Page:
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XFL 2020: As the relaunch nears, answers to your burning questions

When will we learn the team names? See the uniforms? When’s the draft?
Clinton Lynch, who was a running back for Georgia Tech from 2015 to 2018, was one of about 150 players who worked out at the XFL's Summer Showcase in June at Raymond James Stadium in Tampa. [XFL]
Published Jul. 17
Updated Jul. 17

We’re less than seven months away from the relaunch of Vince McMahon’s XFL. Now that the league has wrapped up its Summer Showcase workouts, business is about to pick up. Soon we’ll learn the team names, and not long after that rosters will start taking shape. Have questions? We have the answers.

How will the XFL be different from the NFL?

When McMahon asked XFL commissioner Oliver Luck to reimagine the game of football, Luck considered making radical changes, including allowing offensive linemen to catch passes, widening the field and reducing the number of players on the field to 10 on each team.

“There’s all kinds of things if you’re sitting in a room and get creative that you can do,” Luck said, “but we also wanted the consumers, our fans, to say, ‘I get this. It’s 11-on-11. There are four downs. It’s just like I know it.’”

The challenge for Luck is a paradoxical one: to present a game that’s familiar yet new. Here are some of the ideas the league has tested:

• A running game clock, meaning that the clock won’t stop after incomplete passes or runs out of bounds.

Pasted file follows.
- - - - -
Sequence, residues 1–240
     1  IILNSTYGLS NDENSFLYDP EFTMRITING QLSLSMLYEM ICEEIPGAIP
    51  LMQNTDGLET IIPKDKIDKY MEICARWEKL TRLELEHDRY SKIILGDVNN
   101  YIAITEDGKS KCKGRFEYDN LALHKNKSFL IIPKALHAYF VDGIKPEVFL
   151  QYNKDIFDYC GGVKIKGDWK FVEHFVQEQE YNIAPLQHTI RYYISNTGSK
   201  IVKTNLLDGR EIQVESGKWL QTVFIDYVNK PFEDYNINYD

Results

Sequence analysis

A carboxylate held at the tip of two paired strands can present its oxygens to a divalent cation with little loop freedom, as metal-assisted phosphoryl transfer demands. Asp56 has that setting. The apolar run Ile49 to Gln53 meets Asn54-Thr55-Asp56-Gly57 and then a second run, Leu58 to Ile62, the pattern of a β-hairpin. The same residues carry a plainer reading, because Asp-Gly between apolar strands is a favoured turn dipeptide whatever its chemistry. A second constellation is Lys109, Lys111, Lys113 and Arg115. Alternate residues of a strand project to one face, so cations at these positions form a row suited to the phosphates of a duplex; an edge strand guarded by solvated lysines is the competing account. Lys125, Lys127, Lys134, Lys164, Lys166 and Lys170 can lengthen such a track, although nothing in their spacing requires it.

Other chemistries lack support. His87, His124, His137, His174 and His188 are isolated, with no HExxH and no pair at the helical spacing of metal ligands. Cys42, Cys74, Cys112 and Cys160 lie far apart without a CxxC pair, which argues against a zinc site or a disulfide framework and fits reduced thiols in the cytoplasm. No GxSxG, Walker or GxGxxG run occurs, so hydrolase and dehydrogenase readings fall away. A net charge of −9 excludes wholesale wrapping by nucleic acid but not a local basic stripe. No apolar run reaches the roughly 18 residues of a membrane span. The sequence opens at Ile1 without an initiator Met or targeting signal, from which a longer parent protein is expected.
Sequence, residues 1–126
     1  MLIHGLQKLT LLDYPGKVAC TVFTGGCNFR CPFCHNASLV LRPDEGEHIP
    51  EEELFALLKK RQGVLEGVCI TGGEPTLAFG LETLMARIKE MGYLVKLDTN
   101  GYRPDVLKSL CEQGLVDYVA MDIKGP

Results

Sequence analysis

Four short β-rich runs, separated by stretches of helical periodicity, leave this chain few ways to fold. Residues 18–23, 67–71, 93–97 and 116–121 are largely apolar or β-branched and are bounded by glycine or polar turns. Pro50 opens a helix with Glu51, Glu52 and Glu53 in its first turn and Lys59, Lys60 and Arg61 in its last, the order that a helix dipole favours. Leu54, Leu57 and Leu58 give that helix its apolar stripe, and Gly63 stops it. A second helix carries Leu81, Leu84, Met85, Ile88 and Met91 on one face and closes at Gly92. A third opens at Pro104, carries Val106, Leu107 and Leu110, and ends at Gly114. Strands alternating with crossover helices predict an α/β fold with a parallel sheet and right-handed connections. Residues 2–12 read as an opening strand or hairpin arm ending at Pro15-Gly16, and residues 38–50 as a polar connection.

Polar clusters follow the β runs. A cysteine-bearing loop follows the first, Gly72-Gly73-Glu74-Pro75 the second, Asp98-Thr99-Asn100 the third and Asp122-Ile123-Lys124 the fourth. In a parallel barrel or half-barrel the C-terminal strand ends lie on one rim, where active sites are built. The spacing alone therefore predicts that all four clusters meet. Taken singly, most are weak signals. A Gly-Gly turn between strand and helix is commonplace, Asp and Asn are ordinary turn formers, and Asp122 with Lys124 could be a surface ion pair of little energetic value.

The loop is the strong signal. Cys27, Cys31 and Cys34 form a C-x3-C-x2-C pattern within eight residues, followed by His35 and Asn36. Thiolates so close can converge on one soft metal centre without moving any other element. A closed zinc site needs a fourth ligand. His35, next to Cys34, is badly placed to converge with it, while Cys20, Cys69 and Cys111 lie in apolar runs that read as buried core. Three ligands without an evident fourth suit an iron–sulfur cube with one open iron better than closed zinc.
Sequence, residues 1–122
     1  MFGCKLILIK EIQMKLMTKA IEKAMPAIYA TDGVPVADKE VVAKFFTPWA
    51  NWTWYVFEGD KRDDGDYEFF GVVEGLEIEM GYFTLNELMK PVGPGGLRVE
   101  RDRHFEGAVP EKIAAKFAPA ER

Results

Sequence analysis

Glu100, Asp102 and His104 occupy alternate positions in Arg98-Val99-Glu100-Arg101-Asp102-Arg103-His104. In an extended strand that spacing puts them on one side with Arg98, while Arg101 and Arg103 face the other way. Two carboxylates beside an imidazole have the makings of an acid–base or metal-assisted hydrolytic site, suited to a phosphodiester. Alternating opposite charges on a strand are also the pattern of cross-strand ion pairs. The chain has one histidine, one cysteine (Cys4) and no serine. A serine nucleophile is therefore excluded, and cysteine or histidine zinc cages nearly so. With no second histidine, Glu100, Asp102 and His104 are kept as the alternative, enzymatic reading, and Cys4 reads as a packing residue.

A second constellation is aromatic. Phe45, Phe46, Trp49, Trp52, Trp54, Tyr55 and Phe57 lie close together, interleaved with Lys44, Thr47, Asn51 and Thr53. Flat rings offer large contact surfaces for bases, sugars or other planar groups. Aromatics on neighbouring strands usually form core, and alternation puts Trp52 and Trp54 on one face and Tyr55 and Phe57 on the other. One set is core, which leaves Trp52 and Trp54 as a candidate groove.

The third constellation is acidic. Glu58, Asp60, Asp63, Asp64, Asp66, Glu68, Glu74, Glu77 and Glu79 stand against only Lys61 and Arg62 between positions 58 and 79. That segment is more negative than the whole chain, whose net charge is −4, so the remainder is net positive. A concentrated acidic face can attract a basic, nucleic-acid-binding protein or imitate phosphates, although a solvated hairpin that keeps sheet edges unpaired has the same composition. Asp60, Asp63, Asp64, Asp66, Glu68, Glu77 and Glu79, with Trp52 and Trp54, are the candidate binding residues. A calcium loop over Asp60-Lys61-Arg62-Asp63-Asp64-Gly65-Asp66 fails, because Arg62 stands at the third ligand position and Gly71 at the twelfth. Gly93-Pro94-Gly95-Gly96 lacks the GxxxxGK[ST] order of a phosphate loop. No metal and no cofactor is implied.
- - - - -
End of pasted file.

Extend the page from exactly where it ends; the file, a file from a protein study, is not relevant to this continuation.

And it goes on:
• A shorter play clock between plays. In the NFL, offenses usually must execute a play every 40 seconds. In the XFL, that could be as short as 25 seconds.

• A three-point conversion. After a touchdown, offenses will have the option of trying a scrimmage play from the 10-yard line. If the play succeeds, it will be worth three points.

• Multiple forward passes behind the line of scrimmage.

• Eliminating kneel downs and increasing the potential for late-game comebacks. The kneel down itself won’t be outlawed; it just won’t make any practical sense to try it if, during the final two minutes of each half, the game clock stops after every play.

• Overtime shootouts. Each team’s offense and defense line up at opposite ends of the field and alternate attempting five two-point conversions. Yes, that’s 44 players on the field at the same time.

When will the XFL announce team names and colors?

The XFL will launch reveal its team identities this month, Luck said. It will unveil its jersey designs later in the summer, possibly in August.

Does the XFL Tampa Bay team have a headquarters?

Not yet. Team president Josh Bullock is researching potential sites.

When will the XFL start building its rosters?

With the conclusion of the Summer Showcase workouts, now comes the XFL’s most important step: player acquisition, which will occur in three phases. The first phase will be signing players who attended the showcases; in terms of talent level, those players likely will represent the bottom half of XFL rosters. The second phase will be signing unclaimed players that NFL teams cut in August; those players likely will represent the top half of rosters.